Civil Liberty Groups Call On University Of Kansas To Restore Defaced American Flag


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Neetu Chandak Education and Politics Reporter
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A few civil liberty groups have asked the University of Kansas to restore a defaced American flag that was removed on July 11 after the university faced dissent.

The flag depicted a divided America in black, with a message against the Trump administration’s decisions regarding family separation and withdrawals from the Kyoto Protocol and United Nation’s Human Rights Council, as said by artist Josephine Meckseper on Creative Time’s website.

The university chose to install the flag on July 4 but shortly after took it down after several conservative students and Kansas Gov. Jeff Colyer alongside Kansas Secretary of State Kris Kobach, both Republicans, expressed outrage. (RELATED: University Of Kansas Removed Defaced Flag From Public, Placed It In Museum Instead)

Since its removal, the flag has been placed in a museum due to “safety concerns,” according to a July 11 statement by chancellor Douglas Girod.

Posted by Victoria Snitsar on Tuesday, July 10, 2018

Foundation for Individual Rights in Education (FIRE), a non-partisan First Amendment right’s group, along with the ACLU and National Coalition Against Censorship believe the university is censoring artistic expression.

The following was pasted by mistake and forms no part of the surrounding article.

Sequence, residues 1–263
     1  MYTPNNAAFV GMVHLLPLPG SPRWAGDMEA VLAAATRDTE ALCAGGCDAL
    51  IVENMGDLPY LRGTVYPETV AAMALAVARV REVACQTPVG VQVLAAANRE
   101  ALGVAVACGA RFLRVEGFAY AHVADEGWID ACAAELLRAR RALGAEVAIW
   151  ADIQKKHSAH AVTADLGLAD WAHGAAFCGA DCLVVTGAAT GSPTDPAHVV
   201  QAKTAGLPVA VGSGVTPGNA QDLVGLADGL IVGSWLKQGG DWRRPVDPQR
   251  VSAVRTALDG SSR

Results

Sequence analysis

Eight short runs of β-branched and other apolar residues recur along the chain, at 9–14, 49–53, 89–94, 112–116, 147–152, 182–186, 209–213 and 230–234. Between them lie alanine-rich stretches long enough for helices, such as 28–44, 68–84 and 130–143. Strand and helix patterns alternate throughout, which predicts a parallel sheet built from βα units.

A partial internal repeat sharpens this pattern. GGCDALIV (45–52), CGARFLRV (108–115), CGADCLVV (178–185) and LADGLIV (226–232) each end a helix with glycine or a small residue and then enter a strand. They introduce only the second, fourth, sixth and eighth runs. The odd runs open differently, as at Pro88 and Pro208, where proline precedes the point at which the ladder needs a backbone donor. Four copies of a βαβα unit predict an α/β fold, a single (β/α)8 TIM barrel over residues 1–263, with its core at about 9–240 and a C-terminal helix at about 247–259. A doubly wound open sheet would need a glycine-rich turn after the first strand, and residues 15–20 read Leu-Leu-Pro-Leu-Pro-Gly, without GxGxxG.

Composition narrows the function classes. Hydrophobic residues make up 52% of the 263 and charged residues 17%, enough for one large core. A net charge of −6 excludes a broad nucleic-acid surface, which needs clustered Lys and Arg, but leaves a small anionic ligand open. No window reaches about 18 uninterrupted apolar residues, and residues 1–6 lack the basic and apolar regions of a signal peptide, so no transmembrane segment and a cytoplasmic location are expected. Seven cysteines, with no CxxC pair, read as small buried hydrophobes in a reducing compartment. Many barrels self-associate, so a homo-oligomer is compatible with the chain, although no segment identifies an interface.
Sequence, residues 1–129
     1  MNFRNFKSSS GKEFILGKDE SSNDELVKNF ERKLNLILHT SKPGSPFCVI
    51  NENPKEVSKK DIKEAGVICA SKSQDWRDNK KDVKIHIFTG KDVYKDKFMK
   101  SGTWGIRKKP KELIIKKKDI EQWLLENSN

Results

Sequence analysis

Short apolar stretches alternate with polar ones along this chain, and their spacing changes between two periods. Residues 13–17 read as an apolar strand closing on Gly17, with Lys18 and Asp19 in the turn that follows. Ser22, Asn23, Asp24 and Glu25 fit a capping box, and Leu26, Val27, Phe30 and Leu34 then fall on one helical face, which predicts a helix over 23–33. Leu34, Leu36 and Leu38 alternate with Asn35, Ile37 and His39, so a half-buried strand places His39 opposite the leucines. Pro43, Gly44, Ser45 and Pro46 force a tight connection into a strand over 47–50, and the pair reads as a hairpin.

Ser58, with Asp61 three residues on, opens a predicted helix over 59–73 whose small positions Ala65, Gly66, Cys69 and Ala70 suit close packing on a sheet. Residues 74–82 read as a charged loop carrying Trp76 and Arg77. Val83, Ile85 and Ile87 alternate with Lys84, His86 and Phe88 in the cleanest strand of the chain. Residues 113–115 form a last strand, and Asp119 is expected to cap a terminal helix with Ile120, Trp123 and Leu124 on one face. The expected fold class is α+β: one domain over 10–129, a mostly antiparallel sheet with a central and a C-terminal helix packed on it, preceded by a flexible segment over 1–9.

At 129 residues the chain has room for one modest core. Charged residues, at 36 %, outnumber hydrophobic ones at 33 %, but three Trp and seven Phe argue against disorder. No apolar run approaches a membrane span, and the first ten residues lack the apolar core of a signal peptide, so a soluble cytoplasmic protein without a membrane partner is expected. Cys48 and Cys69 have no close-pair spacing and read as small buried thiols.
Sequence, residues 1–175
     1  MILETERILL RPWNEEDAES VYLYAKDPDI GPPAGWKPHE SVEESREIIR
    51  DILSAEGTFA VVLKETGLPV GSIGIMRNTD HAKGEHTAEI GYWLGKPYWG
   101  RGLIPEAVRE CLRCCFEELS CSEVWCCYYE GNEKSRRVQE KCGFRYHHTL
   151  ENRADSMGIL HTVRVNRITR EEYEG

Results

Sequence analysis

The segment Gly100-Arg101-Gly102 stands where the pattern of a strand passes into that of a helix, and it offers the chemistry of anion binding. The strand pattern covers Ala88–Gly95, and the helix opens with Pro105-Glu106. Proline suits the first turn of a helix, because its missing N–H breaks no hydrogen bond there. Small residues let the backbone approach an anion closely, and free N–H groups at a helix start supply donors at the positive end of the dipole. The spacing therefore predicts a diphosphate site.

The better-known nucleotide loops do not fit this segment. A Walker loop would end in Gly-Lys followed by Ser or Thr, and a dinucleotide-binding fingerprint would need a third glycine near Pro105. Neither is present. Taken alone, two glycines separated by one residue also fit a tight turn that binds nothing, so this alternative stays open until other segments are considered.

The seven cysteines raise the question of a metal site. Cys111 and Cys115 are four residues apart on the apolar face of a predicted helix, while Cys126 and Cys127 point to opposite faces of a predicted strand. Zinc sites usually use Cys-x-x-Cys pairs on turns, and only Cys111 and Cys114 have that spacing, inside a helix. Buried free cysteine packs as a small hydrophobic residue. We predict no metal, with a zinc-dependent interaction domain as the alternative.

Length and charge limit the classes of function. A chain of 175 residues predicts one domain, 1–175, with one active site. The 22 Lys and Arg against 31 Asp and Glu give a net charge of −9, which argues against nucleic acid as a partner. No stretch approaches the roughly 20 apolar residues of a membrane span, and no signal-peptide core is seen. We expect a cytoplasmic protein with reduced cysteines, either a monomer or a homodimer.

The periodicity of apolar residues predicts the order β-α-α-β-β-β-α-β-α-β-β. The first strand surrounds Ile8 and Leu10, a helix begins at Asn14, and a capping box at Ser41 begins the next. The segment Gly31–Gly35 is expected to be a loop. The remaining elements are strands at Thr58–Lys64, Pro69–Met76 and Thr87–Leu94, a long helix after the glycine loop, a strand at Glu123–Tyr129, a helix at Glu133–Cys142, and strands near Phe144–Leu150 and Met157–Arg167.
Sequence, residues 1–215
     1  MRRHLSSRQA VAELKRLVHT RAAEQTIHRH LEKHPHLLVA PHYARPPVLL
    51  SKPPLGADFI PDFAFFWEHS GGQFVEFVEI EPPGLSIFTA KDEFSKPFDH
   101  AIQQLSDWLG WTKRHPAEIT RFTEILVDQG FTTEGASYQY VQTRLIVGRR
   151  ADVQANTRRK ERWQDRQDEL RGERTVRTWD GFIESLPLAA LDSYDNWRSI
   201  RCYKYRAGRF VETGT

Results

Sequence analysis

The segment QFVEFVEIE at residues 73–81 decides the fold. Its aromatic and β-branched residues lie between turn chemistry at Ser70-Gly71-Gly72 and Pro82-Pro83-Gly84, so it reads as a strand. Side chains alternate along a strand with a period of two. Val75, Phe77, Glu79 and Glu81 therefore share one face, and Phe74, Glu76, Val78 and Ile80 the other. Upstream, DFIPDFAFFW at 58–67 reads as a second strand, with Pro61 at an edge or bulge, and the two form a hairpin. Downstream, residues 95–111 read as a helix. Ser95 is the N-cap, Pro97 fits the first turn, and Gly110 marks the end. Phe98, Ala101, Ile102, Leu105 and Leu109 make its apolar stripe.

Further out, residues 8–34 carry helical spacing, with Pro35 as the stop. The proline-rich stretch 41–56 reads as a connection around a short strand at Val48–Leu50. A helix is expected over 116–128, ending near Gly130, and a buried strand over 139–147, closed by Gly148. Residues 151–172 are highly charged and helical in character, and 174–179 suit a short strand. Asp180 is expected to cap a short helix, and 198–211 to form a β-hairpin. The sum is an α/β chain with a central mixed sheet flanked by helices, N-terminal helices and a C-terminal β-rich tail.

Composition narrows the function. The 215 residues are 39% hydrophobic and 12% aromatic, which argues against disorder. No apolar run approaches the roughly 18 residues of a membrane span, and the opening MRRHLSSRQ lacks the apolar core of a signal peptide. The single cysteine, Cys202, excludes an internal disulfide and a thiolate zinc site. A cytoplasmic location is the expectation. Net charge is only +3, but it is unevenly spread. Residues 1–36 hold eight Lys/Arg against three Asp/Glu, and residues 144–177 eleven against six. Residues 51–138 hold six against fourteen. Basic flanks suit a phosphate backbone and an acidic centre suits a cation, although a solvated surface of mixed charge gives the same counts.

“Censorship won last week, but today, we’re fighting back for the First Amendment,” FIRE’s senior vice president for legal and public advocacy Will Creeley said in a Monday press release. “The law is clear: The government can’t censor artistic expression just because powerful people don’t like it.”

The three organizations sent a joint letter to the Chancellor reminding him that expressive desecration of the flag is constitutionally protected under the 1989 Supreme Court case Texas v. Johnson.

“As Chancellor, it is ultimately your obligation to ensure that the expressive rights of those on your campus are not abridged, compromised, or violated, even and especially when political pressure demands otherwise,” the letter said.

The letter also took issue with the chancellor taking down the flag due to “safety concerns,” stating the explanation “may be a pretext for censorship,” allowing the university to adhere to outrage while maintaining First Amendment obligations.

The three organizations have asked the Chancellor to provide a response to the letter by July 30.

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